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Sizing up planters

Agriculture.com Staff 07/06/2010 @ 5:21pm

Earl Canfield has spent a lot of time, effort, and money getting his 1992 six-row, 30-inch John Deere 7200 planter just the way he wants it. He's added new-style gauge wheel arms, cast-iron closing brackets, and curve-tine closing wheels. Plus, he's added seed firmers and trash wheels. Finally, he's added liquid fertilizer equipment that applies fertilizer beside the row or in the row.

This spring, the planter once again performed flawlessly in no-till, strip-till, and conservation tillage conditions. Indeed, there's not much the Dunkerton, Iowa, farmer doesn't like about his planter, except its size.

"I'm at a point where I'm considering getting a newer planter and probably a larger one in order to be more timely and have opportunities for expansion," he said recently in a posting in the Crop Scouting discussion group of Agriculture Online(tm).

He's not alone. A lot of farmers are reassessing the size of their planters. As farms have grown in size, many farmers are pushing their planters over more acres. While that may pay dividends in dry, wide-open springs, it could cost them dearly in wet springs.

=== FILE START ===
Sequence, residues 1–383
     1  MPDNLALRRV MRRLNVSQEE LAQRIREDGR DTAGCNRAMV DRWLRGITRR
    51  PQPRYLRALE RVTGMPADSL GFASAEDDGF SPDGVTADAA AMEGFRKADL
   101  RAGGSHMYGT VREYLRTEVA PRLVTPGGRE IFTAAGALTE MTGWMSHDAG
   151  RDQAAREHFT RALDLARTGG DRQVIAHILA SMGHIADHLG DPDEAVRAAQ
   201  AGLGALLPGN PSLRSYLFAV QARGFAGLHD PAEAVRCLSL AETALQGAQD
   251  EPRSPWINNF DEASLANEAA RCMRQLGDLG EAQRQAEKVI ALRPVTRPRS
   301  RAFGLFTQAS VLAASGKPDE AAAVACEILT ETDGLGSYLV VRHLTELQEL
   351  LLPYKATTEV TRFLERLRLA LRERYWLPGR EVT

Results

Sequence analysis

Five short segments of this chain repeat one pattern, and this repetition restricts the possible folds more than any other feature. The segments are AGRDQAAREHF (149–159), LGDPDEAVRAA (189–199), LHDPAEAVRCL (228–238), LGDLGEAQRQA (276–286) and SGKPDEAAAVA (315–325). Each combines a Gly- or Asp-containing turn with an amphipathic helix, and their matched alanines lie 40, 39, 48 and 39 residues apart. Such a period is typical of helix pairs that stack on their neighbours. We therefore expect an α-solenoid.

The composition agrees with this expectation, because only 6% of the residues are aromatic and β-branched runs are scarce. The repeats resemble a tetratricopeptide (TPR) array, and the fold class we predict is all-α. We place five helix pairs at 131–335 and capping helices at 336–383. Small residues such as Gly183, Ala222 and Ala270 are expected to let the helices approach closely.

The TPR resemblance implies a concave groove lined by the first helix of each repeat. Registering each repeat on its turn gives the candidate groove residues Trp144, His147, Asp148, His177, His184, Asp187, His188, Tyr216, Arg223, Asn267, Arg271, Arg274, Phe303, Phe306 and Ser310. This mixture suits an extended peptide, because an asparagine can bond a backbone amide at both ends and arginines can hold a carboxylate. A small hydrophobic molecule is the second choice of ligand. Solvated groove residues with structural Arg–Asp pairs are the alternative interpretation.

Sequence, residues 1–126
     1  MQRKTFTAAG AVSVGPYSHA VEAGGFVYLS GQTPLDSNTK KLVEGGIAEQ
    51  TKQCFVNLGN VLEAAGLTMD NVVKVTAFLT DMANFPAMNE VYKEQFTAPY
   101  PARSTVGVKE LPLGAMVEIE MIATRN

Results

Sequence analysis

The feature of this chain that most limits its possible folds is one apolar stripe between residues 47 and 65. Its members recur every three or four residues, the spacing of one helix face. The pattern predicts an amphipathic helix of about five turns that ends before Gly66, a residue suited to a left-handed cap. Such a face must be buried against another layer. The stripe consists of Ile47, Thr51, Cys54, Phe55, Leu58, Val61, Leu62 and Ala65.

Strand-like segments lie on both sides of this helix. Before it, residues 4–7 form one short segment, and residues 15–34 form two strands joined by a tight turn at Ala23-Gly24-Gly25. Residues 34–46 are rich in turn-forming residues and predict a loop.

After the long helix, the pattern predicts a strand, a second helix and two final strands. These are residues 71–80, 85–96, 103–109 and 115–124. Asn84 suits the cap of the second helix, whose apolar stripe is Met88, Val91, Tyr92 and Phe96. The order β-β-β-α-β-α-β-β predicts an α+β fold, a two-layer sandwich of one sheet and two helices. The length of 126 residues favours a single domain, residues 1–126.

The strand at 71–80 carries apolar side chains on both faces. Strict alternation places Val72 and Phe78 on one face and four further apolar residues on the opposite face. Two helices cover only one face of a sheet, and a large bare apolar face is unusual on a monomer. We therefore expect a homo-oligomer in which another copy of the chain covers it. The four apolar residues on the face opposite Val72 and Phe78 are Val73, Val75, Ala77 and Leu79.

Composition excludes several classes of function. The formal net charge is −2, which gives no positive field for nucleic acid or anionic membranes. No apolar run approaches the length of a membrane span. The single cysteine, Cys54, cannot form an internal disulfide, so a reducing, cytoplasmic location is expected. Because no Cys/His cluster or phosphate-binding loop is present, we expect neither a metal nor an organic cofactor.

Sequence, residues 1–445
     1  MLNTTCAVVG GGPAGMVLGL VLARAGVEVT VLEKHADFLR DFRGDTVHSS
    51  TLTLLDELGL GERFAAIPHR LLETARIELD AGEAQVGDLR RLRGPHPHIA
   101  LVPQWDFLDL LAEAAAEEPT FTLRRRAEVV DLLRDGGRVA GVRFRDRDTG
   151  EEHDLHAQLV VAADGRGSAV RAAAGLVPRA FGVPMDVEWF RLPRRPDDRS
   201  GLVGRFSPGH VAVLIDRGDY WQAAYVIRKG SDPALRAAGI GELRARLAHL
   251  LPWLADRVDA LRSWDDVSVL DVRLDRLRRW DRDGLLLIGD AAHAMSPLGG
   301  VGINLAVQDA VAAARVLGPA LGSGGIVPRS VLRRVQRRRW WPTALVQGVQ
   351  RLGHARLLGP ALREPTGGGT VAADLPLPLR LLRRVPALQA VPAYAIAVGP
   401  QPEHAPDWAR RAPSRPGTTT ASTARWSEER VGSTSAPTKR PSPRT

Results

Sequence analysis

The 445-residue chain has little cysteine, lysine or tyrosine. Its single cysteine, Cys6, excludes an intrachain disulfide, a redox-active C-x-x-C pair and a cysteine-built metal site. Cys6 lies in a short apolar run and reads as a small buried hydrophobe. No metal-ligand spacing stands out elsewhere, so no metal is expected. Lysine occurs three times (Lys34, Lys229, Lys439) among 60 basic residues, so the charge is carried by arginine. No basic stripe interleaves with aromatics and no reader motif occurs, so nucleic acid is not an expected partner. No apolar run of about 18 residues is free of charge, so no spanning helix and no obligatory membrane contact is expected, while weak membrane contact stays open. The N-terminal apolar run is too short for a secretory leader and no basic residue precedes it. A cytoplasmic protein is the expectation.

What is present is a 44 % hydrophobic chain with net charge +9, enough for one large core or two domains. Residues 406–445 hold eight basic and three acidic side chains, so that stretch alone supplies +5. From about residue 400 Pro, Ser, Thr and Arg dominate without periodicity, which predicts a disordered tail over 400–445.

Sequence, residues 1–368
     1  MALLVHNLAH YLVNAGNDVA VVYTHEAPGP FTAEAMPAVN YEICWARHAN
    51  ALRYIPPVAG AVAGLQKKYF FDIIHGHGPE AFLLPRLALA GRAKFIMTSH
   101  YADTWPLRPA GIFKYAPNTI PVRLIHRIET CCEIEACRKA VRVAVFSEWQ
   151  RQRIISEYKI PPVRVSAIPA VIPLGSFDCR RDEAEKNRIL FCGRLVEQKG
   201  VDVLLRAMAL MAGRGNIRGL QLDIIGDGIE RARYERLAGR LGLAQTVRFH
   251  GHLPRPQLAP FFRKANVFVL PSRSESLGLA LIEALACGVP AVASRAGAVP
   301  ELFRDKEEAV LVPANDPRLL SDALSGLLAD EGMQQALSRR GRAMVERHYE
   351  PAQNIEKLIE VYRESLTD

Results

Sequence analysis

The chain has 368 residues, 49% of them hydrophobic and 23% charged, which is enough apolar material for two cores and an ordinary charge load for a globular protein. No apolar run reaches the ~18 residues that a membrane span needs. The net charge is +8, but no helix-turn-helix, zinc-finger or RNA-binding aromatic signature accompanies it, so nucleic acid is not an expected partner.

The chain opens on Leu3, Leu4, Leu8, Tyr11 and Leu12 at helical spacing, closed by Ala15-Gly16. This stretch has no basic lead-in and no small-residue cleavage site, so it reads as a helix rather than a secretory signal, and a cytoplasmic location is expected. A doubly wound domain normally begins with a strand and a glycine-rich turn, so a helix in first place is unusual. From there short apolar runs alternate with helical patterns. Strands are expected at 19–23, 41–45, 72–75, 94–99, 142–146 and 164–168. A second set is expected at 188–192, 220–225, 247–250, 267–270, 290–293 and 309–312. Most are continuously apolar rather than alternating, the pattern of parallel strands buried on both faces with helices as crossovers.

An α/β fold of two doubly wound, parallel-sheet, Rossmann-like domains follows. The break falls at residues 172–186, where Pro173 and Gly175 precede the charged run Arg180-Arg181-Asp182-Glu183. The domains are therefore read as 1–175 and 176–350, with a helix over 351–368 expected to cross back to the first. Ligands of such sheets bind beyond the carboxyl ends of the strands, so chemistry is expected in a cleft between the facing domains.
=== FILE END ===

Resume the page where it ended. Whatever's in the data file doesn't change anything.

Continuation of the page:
A new study out of the University of Illinois shows that you can't afford to ignore the cost of timeliness when buying a new planter. Gary Schnitkey, a University of Illinois farm management specialist, looked at both power costs and timeliness costs in determining the optimum-sized planter for farms ranging in size from 400 acres to 4,000 acres (in 400-acre increments). He evaluated seven sizes of planters ranging from six-row models to 36-row models. (See Table 1 in the pdf of this article.) Each planter was assumed to plant all the farm acres evenly split between corn and soybeans.

"Power costs include depreciation, interest, repairs, housing, insurance, fuel, lubrication, and labor," says Schnitkey. He calculated power costs for both the planter and a tractor. "Timeliness costs account for yield losses from not planting near optimal times," he says. In figuring timeliness, Schnitkey considered such factors as days suitable for fieldwork and yield losses that result from late planting.

Earl Canfield has spent a lot of time, effort, and money getting his 1992 six-row, 30-inch John Deere 7200 planter just the way he wants it. He's added new-style gauge wheel arms, cast-iron closing brackets, and curve-tine closing wheels. Plus, he's added seed firmers and trash wheels. Finally, he's added liquid fertilizer equipment that applies fertilizer beside the row or in the row.

He determined the number of acres each planter can plant in an hour.

Yield losses stemming from untimely planting were estimated by using yield functions obtained from University of Illinois crop scientist Emerson Nafziger. Yields from this function are shown in Figure 1 (pdf).

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